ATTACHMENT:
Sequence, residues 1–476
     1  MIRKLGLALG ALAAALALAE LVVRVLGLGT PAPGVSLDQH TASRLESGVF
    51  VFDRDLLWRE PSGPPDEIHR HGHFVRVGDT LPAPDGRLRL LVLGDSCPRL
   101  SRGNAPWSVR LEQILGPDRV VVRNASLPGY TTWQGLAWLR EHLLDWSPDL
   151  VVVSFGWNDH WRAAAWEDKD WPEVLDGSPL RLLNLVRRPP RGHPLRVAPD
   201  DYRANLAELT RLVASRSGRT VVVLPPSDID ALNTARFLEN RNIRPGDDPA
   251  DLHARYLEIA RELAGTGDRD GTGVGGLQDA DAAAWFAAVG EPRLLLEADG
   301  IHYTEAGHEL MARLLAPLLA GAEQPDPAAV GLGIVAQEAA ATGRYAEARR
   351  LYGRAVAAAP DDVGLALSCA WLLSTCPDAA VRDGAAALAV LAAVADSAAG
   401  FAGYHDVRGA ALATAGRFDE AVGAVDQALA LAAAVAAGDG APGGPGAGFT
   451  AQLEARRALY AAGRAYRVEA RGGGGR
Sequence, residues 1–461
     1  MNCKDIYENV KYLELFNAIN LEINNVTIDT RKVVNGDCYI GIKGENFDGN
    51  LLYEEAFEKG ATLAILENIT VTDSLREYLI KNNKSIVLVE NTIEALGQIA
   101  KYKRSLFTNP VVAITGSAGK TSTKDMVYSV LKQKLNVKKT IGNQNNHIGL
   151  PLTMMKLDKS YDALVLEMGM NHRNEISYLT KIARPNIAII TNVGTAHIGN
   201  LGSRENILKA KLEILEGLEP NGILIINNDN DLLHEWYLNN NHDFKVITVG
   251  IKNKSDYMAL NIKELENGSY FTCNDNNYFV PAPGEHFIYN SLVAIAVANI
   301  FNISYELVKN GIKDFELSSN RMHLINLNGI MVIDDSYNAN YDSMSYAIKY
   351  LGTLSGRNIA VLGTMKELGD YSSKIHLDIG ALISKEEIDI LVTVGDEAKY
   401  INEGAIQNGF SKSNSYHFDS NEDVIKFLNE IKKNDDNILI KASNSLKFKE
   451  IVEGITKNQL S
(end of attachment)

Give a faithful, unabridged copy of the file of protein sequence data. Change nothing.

Sequence, residues 1–476
     1  MIRKLGLALG ALAAALALAE LVVRVLGLGT PAPGVSLDQH TASRLESGVF
    51  VFDRDLLWRE PSGPPDEIHR HGHFVRVGDT LPAPDGRLRL LVLGDSCPRL
   101  SRGNAPWSVR LEQILGPDRV VVRNASLPGY TTWQGLAWLR EHLLDWSPDL
   151  VVVSFGWNDH WRAAAWEDKD WPEVLDGSPL RLLNLVRRPP RGHPLRVAPD
   201  DYRANLAELT RLVASRSGRT VVVLPPSDID ALNTARFLEN RNIRPGDDPA
   251  DLHARYLEIA RELAGTGDRD GTGVGGLQDA DAAAWFAAVG EPRLLLEADG
   301  IHYTEAGHEL MARLLAPLLA GAEQPDPAAV GLGIVAQEAA ATGRYAEARR
   351  LYGRAVAAAP DDVGLALSCA WLLSTCPDAA VRDGAAALAV LAAVADSAAG
   401  FAGYHDVRGA ALATAGRFDE AVGAVDQALA LAAAVAAGDG APGGPGAGFT
   451  AQLEARRALY AAGRAYRVEA RGGGGR
Sequence, residues 1–461
     1  MNCKDIYENV KYLELFNAIN LEINNVTIDT RKVVNGDCYI GIKGENFDGN
    51  LLYEEAFEKG ATLAILENIT VTDSLREYLI KNNKSIVLVE NTIEALGQIA
   101  KYKRSLFTNP VVAITGSAGK TSTKDMVYSV LKQKLNVKKT IGNQNNHIGL
   151  PLTMMKLDKS YDALVLEMGM NHRNEISYLT KIARPNIAII TNVGTAHIGN
   201  LGSRENILKA KLEILEGLEP NGILIINNDN DLLHEWYLNN NHDFKVITVG
   251  IKNKSDYMAL NIKELENGSY FTCNDNNYFV PAPGEHFIYN SLVAIAVANI
   301  FNISYELVKN GIKDFELSSN RMHLINLNGI MVIDDSYNAN YDSMSYAIKY
   351  LGTLSGRNIA VLGTMKELGD YSSKIHLDIG ALISKEEIDI LVTVGDEAKY
   401  INEGAIQNGF SKSNSYHFDS NEDVIKFLNE IKKNDDNILI KASNSLKFKE
   451  IVEGITKNQL S